By New Times
By Connor Radnovich
By Robrt L. Pela and Amy Silverman
By Ray Stern
By Keegan Hamilton
By Matthew Hendley
By Monica Alonzo
By Monica Alonzo
The fax is signed, "James P. Wickstrom, former director of Counter-Intelligence of Posse Comitatus of the U.S., former Constitution Party U.S. Senate and Gov. candidate of Wisconsin, former VFW Post-Commander in Wisconsin."
Burgess believes the federal government blew up its own building in Oklahoma City and killed all those people, like the Nazis who torched the Reichstag building in Germany, to precipitate a crisis that would justify the government going after the militia movement.
Instead of dismissing Burgess out of hand, I decided to punch through the allegations in her inflammatory "Intelligence Survey."
The available evidence says Burgess and the survey are 100 percent, 180 degrees wrong. But being wrong--even extraordinarily, crazily wrong--ought not make you a state enemy.
Cheryl Burgess is a middle-aged redhead whose titian locks are sometimes so frizzy you think she's been up all night dwelling on things.
And she has.
"Paranoia is the cutting edge of the realization that all things are connected," she tells me, snapping her cigarettes back into their leather pouch.
While some have followed the path of the Tao, Cheryl Burgess has been seat-belted on Mr. Toad's Wild Ride.
Her life has been contentious.
Her current obsession with the Constitution is just that, the current obsession. Before the militia period, there was the narcotics period.
"Drugs are wrong, I am very much against drugs. But I was very naive in those days," says Burgess, explaining how in 1983 she had come to be married to a man who was a drug dealer.
"For a year, I didn't even know he was doing drugs. All I knew was I couldn't understand his mood swings.
"He chased me with cars, and he chased me with guns. One time, he sat on top of me and put a gun in my mouth."
Burgess quit the marriage after two years and in 1985 went to work as a volunteer informant with the Drug Enforcement Administration.
"Everyone I knew then was involved with drugs, especially meth and coke."
In 1987, weary of undercover work, she tried to quit the life. Old patterns, however, are hard to break. About the same time, she bumped into an old friend, Jim Seagoe.
"Jimmy was heavily involved in drugs, but he wanted to get out and start over. He was murdered three months after we moved to Idaho."
She returned to the one thing she knew, building cases as a drug snitch, this time on behalf of the U.S. Marshal's Office.
Her first husband popped up again in 1990 in Idaho, claiming to have cancer and the need to spend his remaining days with the woman he loved. She believed him.
"It was good for a while there, and then he tried to kill me," recalls Burgess. She swore out assault charges on her husband, who responded by disappearing with her truck.
In 1992, she returned to her hometown, Wickenburg, and in the midst of a recall ran for the town council on the reform ticket and won.
Your mind does not need the all-terrain capacity of a Humvee to travel from the paranoia of sleazy drug dealers to the paranoia of one-world government. For Burgess, the journey is a short one.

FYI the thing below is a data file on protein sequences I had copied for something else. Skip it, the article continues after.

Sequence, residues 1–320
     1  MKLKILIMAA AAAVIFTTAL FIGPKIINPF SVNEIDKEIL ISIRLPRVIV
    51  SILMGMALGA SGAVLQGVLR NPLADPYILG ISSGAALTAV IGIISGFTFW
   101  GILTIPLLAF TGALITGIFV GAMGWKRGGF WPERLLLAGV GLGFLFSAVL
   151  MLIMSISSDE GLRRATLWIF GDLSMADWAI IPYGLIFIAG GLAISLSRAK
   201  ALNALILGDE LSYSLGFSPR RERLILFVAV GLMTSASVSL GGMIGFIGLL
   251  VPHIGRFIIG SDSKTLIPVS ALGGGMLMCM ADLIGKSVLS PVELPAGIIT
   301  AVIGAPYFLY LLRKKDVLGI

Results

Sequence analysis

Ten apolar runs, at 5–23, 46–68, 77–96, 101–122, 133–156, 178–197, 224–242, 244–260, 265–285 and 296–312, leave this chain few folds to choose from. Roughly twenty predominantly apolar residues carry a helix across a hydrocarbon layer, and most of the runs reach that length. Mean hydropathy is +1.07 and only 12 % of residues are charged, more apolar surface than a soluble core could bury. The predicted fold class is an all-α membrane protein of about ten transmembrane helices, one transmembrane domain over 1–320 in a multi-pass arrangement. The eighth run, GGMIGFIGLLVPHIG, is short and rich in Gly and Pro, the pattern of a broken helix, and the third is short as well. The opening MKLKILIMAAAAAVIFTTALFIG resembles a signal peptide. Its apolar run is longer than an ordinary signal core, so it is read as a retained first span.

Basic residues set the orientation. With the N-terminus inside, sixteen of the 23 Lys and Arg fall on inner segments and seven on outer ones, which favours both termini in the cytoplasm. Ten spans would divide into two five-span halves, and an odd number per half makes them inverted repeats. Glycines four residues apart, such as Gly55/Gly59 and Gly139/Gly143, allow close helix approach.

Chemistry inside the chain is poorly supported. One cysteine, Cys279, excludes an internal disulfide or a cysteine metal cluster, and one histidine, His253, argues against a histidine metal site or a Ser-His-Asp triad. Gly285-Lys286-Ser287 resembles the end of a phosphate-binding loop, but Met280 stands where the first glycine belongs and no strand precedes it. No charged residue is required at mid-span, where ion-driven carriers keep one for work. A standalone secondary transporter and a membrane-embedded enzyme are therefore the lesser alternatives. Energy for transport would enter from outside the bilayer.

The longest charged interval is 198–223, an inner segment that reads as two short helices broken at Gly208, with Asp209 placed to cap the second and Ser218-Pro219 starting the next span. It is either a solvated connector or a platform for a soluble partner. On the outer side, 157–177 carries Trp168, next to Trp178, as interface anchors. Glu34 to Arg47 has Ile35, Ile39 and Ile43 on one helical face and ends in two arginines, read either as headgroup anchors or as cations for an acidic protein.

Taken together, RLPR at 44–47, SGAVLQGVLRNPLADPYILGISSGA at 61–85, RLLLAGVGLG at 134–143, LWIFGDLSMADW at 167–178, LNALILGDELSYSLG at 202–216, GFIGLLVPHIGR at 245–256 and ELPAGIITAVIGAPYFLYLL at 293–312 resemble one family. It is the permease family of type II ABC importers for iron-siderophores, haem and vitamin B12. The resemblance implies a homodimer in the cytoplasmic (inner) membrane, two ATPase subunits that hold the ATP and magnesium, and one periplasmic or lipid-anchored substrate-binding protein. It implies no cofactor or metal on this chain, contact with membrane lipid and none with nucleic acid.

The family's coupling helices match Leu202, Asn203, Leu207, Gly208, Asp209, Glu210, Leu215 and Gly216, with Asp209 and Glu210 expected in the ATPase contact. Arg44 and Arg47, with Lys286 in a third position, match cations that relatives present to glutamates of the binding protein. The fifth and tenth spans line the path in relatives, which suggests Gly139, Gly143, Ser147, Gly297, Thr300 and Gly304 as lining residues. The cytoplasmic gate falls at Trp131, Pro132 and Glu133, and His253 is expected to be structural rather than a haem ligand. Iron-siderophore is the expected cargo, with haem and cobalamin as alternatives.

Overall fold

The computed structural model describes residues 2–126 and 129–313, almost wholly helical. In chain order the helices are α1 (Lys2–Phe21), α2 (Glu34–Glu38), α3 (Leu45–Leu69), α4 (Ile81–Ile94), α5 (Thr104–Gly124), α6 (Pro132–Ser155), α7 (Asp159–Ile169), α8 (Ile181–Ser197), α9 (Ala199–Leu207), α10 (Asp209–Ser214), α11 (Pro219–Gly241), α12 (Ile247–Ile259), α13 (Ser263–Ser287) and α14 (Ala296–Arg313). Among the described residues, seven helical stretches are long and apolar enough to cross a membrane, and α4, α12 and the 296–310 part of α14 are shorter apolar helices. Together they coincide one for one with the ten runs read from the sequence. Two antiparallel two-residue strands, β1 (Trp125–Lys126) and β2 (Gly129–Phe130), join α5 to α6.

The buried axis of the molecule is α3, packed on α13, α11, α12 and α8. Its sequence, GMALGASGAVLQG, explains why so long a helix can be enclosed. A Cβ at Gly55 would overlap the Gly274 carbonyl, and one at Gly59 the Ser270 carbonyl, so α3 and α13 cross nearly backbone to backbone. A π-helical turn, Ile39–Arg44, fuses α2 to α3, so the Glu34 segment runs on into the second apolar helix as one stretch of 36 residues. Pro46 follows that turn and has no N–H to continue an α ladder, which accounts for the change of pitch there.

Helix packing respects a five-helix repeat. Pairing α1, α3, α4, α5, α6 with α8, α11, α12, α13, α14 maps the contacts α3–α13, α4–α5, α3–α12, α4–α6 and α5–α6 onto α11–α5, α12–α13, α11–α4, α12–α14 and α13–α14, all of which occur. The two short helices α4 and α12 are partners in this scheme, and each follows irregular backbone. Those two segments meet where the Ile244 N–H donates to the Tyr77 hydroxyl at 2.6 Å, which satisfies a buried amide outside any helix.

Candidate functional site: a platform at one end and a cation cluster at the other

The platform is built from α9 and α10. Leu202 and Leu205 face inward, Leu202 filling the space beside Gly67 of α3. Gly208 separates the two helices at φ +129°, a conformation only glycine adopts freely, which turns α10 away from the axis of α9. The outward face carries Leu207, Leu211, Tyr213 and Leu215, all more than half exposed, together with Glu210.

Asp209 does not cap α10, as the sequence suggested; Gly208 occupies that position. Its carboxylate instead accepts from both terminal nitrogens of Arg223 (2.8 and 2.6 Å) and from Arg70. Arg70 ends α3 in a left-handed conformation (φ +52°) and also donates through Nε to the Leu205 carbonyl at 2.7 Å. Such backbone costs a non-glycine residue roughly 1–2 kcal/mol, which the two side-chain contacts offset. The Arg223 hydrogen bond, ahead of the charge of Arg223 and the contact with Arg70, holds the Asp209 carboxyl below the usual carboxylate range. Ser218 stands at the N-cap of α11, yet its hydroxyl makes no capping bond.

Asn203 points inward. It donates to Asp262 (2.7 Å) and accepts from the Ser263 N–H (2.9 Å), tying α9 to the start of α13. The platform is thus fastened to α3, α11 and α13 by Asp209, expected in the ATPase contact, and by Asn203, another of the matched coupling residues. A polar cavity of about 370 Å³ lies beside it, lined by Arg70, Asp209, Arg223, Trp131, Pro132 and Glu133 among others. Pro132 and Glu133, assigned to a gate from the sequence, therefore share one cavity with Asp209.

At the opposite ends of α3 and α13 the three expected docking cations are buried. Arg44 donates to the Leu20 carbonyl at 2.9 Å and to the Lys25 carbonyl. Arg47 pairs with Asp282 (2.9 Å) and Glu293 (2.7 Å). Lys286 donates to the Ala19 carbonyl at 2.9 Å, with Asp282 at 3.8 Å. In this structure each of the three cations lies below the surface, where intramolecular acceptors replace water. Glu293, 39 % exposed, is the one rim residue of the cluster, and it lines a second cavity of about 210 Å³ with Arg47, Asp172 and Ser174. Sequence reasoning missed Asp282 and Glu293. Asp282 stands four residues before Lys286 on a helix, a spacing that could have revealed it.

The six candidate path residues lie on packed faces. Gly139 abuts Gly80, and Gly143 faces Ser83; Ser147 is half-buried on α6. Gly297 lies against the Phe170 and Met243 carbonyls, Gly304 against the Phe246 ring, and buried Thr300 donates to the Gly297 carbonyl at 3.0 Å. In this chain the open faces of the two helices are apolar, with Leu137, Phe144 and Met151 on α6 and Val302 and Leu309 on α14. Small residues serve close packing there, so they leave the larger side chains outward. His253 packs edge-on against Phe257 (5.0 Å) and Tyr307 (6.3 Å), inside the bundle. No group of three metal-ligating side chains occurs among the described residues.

Burgess understands that people may find her views outrageous, if not downright crazy. But she is not dismayed by what others think of her and her colleagues in the militia movement. "We all have, I would say, above-average IQs."
While the rest of Arizona is tuned in to the playoff game between the Phoenix Suns and the Houston Rockets, Cheryl Burgess and the seven members of what she describes as her "militia pod" are meeting in a Wickenburg apartment to study the Constitution and discuss the bombing in Oklahoma City. There is no radio or television tuned to the game; no one, over the course of several hours, inquires about the score. In one bedroom, more than 600 law books accumulated by heavy-equipment operator David Riggs sit ready, should a legal question arise.
Some of these folks have been poring over tracts for years. In addition to this home-study group, several members attend three-hour classes on Saturday morning in a Mesa church to research English common law, the foundation of militia theory. Although all are proficient with firearms, the more ardent plan to take advanced training in Phoenix from Special Forces hero and former presidential candidate Bo Gritz.
Those present include two miners, a farrier, a check-out clerk at Bashas', a retired electrician, an ex-sheriff, Riggs and Burgess. Another militia member who had just completed a session in tactical shotgun maneuvers estimates that there are almost 50 patriots in greater Wickenburg. The apartment is no less noisy for their absence.
One of the most talkative is Charlie Wright, an elderly veteran closing in on 80.
Wearing a cap emblazoned with "I Dislike Our Presidents," Wright is something of a legend in these parts. It was Charlie Wright, and none other, who ran off the U.N. troops that invaded Wickenburg.
It is sacred scripture among militia groups that the American establishment has turned over control of this country to an international cartel whose army is the armed forces of the United Nations. Burgess possesses literature that shows Irish troops occupying California in the near future. To the south, Mongolian soldiers will oversee post-NAFTA Mexico.